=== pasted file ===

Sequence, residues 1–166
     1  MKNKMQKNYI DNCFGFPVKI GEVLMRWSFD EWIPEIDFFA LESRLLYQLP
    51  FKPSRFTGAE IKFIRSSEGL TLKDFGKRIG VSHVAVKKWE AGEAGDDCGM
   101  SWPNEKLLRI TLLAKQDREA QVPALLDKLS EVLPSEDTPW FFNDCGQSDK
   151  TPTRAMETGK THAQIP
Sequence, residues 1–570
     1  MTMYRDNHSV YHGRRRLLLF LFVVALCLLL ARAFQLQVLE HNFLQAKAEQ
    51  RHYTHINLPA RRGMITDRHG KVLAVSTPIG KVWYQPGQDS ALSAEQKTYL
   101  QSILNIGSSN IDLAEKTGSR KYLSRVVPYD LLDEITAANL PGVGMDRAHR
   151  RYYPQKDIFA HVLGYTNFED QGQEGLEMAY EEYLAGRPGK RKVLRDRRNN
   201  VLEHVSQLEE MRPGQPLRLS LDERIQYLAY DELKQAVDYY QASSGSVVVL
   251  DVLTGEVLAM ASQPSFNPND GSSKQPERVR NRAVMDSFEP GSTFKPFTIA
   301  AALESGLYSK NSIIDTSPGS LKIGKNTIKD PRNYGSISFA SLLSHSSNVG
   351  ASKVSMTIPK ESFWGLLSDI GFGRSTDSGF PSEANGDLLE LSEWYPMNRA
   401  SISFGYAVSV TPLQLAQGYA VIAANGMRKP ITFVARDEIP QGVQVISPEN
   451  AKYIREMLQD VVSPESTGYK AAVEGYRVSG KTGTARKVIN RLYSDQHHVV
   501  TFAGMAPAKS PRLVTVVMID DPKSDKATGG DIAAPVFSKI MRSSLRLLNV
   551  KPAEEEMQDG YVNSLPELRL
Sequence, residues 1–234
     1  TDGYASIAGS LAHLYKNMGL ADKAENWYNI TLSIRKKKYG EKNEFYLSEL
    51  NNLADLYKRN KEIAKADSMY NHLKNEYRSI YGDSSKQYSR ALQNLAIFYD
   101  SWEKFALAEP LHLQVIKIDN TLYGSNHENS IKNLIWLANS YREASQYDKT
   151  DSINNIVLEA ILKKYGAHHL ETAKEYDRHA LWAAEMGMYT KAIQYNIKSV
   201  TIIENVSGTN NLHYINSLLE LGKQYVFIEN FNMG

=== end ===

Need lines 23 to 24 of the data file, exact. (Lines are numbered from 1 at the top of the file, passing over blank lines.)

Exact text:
   151  DSINNIVLEA ILKKYGAHHL ETAKEYDRHA LWAAEMGMYT KAIQYNIKSV
   201  TIIENVSGTN NLHYINSLLE LGKQYVFIEN FNMG